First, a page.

Apr 13, 2017 02:10 PM EDT
New York Is the First State To Offer Free College Tuition, Here's How It Will Be Done [Video]
Recently, New York Governor Andrew Cuomo approved the law providing free college tuition to students attending public in-state colleges and universities. The City of Dreams is now the first US state to offer no-payment four-year collegiate education.
As part of the 2018 budget, students in New York whose families earn less than $100,000 per year may avail the scholarship. Otherwise known as the Excelsior Scholarship program, it covers the basic tuition fee of students, but not the additional expenses like housing and food. The income limit will then be raised for up to $125,000 in two years.
Thus, if the current requirement is $100,000, then families whose annual incomes are below $110,000 may avail the program in 2019. Consequently, more people will benefit from it in 2020 as the limit goes up to $125,000. Overall, the New York Senate approved a whopping $153 billion dollars to make this project possible.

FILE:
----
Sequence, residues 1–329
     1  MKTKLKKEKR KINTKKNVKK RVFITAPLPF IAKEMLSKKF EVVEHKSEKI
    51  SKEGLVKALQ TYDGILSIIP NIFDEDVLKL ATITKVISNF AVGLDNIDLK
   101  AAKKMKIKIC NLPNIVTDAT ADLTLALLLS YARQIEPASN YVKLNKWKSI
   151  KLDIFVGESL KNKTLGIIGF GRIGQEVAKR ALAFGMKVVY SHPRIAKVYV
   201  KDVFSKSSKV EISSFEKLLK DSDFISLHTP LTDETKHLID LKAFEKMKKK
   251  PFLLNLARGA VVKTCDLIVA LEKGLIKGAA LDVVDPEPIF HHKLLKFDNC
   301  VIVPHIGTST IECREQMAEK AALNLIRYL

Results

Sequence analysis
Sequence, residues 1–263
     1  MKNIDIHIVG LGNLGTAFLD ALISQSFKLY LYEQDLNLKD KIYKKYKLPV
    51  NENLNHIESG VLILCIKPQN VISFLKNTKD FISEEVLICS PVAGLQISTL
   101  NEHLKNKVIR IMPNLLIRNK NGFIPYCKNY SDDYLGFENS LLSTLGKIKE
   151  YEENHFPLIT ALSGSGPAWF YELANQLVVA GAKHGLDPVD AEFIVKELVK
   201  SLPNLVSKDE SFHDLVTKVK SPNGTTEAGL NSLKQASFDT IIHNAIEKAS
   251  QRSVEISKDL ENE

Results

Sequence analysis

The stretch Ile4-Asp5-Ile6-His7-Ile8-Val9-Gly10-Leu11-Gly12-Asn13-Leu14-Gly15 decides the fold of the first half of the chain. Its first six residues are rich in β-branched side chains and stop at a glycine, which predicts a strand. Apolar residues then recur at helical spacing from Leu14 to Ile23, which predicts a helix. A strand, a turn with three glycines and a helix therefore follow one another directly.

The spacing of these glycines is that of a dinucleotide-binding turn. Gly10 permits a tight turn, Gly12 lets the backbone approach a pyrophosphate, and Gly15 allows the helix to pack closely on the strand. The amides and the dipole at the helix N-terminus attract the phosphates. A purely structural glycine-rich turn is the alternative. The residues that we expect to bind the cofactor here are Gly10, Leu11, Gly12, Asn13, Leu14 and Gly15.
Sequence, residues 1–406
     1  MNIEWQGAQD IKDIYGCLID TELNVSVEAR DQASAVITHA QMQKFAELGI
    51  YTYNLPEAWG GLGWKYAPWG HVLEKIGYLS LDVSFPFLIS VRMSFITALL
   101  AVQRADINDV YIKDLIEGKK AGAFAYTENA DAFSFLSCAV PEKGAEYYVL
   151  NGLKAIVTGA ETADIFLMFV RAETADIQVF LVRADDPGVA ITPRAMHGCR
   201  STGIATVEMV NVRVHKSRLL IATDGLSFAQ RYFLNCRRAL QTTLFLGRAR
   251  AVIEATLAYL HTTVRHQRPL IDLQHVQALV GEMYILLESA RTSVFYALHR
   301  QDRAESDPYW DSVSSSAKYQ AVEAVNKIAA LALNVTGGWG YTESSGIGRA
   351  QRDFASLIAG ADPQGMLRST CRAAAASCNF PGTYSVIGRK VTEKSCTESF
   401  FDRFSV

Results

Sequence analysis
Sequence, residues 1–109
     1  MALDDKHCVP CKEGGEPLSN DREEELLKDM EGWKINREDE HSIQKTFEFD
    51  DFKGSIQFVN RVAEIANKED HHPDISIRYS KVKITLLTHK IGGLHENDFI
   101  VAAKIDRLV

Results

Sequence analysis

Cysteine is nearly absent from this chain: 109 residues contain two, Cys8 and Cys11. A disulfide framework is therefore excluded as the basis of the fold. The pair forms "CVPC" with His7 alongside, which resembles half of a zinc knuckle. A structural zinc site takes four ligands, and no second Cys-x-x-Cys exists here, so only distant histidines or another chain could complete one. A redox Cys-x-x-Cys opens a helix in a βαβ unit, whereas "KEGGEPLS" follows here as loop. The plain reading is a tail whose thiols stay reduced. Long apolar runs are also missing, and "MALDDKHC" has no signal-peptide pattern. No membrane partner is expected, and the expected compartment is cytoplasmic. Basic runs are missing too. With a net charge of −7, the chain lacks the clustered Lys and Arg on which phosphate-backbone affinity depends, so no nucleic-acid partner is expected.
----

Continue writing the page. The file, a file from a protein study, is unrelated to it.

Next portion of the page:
Although, per an earlier University Herald report, the law states that the beneficiaries of the Excelsior Scholarship program are prohibited from leaving the city after graduation. For yet undetermined number of years, the graduates must render service to the state by finding job opportunities within the city. If they refuse to do so, then they have to pay back their college tuition fees.
Aside from that, the beneficiaries need to get 30 credits annually, keep the requisite grade, and graduate on time. Around 32,000 students are expected to take the offer yearly, starting this fall. When it becomes fully implemented, Cuomo expects at least 940,000 people in 64 campuses would qualify for it.
Meanwhile, per PBS News Hour, some college professors say that "forcing" students to stay in the state after graduation will cost them more money. For one, they may decline better job offers outside New York and settle with lower paying employers. Nonetheless, the Excelsior plan has been hailed as an example for other states, if not other countries that value education.
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